Where the rubber meets the road

James Ouma
Posted March 10, 2017 from Kenya

Running for My Life 2017: Day 70

I resumed my work for Lifesong Kenya at Five Star Academy, Kangemi and in juvenile prison this week. By resuming my work as a full time volunteer who isn't on salary, I am also exposing my wife, family, relationships and myself to conflicts that comes with my work. While other people, especially the men I would like to support my work are working 9-5, I am usually involved in non-income earning activities.

Well, it is a choice I made a few years ago. I used to have a job as a children's television producer. But after meeting 100 boys in juvenile prison my life took a new turn. With time, I started spending a lot of time visiting the boys in prison, tracing their parents and the people the boys had wronged through crime.

And as time went by, I decided to focus on growing my capacity as a writer in order to find time and resources to work 9-5 at the juvenile prison. My decision to quit my job was informed by the fact that I strongly believed - and still do - I was going to earn from my writing and the many business ideas I have.

I realized things were not going to happen the way I had thought they would three weeks after I had already quit my job. The salary I had hoped the earn - for the last time - had not been sent to my back account while the reading proposal I had submitted at NPC Academies Buruburu had been rejected!

I was single then. However, I had to put up with different friends at different points before I got my own house. The going was rough and I don't know what kept me focused on my goal. There are many times my house was locked due to house rent arrears, I didn't have food and had to walk on foot to and from the prison.

Reality check

Now that I have resumed my work - after a long break of self-reflection - I have found myself in a vicious circle of conflicts. Most of these conflicts comes from what goes around in my world. Take yesterday for instance. My day begun at 4:30 am with a morning run then we left the house for the 40.8 KM trip to Kamiti Prison where we spent 3 hours meeting officers and the boys we will be working with.

After this, we went to Five Star Academy, Kangemi where we spent a further 2 hours, and by the time we arrived home, we were worn out and ready to crash to bed. However, we had to discuss Saturday's activities with Tracy Hanson. Of course, in my line of work I get lots of advice on how to get partnership, resources and funding for my work, which I usually listen to with loads of patience.

However, the reality is different and by patiently listening to new avenues of partnerships, I end up avoiding fresh conflicts. The truth is, I have sought for partnership - and will continue doing so - from lots of people, organizations and institutions. My long list includes friends, social media, fellow church members, churches, universities, banks, telecommunication companies, IT firms and supermarkets.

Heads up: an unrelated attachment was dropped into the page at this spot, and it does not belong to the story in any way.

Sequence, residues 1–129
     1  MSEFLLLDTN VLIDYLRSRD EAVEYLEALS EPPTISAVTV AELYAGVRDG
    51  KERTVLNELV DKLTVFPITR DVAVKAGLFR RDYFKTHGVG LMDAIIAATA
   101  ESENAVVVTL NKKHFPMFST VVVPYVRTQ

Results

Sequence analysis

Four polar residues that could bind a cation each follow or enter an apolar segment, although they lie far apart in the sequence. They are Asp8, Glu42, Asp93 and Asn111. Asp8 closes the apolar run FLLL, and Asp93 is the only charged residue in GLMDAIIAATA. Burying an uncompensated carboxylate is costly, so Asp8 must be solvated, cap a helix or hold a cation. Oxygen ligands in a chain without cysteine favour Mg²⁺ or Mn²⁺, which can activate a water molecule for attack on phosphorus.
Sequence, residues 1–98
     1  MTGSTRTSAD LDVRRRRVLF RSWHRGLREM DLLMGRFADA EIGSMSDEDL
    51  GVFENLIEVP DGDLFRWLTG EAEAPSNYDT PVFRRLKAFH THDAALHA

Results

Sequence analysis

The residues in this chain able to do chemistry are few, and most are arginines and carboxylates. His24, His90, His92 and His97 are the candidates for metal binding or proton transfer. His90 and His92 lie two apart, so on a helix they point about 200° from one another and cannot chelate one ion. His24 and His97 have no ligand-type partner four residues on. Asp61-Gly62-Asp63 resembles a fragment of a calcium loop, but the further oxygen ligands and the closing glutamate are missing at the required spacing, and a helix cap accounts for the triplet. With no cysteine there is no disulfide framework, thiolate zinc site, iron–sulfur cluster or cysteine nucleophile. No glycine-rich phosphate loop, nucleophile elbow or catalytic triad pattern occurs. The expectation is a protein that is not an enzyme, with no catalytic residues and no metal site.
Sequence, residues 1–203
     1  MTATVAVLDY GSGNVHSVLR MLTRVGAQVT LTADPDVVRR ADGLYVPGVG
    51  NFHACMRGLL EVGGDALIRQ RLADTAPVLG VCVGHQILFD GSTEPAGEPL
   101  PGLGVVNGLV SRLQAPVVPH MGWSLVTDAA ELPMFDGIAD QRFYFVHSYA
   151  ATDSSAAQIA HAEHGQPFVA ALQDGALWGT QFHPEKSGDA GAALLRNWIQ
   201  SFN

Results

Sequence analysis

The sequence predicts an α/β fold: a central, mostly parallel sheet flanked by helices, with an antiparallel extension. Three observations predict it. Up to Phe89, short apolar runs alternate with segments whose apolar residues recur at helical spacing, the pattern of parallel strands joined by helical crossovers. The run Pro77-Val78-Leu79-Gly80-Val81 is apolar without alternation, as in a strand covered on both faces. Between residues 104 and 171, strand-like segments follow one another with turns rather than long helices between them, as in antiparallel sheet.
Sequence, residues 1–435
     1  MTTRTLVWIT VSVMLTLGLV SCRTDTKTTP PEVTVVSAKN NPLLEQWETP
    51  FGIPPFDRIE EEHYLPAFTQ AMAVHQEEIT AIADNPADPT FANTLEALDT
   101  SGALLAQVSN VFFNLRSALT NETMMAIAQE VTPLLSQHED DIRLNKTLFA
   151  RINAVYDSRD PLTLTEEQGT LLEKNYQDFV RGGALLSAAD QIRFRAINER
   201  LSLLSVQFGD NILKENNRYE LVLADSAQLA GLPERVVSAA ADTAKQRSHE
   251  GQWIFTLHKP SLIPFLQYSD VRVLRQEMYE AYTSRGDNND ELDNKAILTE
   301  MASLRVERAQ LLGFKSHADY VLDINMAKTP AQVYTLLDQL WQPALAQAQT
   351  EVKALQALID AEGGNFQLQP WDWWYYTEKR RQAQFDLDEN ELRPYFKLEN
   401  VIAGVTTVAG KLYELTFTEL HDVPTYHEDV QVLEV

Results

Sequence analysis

It is harder to find and get men who can partner with Lifesong Kenya. Most of the time, it is women who are willing to come on board. And because most of the boys we work with lack father-figures getting men on board is a great deal to us.We have come to learn that the boys are more attentive whenever we bring men to prison as opposed to when women visit with us.

Because we will be working with boys at Kamiti Youth Corrective Training, which is 40.8 km away from where I live, I can no longer walk on foot the way I used to in the past. This means having fuel so I can drive to and back from the prison. I will also do the following:-

  • phone calls to parents or guardians and the people the boys have wronged
  • tracing and visiting parents or guardians and the people the boys have wronged
  • conducting monthly shaving activities
  • preparing and printing learning materials

These activities require money and resources. Failing to find partners is a challenge we are going to face and soldier through. Getting partnership will enable Lifesong Kenya to get the resources we need to fully impact the lives of the boys we will be meeting in prison and the many children we work with outside the prison.

I look forward to hearing from you.

How to Get Involved

I am appealing to everyone, especially men, to get fully involved in our work. There are many ways that don't necessarily require financial input such as visiting with us. If you know of an individual or institution, kindly get in touch with us. We are also looking for university or college students who are looking for volunteer opportunities to come and work with us.

Give me writing jobs for your website and social media

Comments 2

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Mar 11, 2017
Mar 11, 2017

Hello James, thanks for writing about your plans and efforts. It does seem necessary that we must have a job to support our family and lives! But I admire your efforts and time to support the boys in prison. Surely they have not had good male models for their own lives, otherwise they wouldn't  be in prison. I urge you to keep helping them. Maybe you can find some other men to go with you, and to help you in this important effort.

James Ouma
Mar 12, 2017
Mar 12, 2017

Thanks for your insight. Much as finding resources and men who are interested in joining us, I am determined to keep moving on and working with the boys who are in juvenile prison.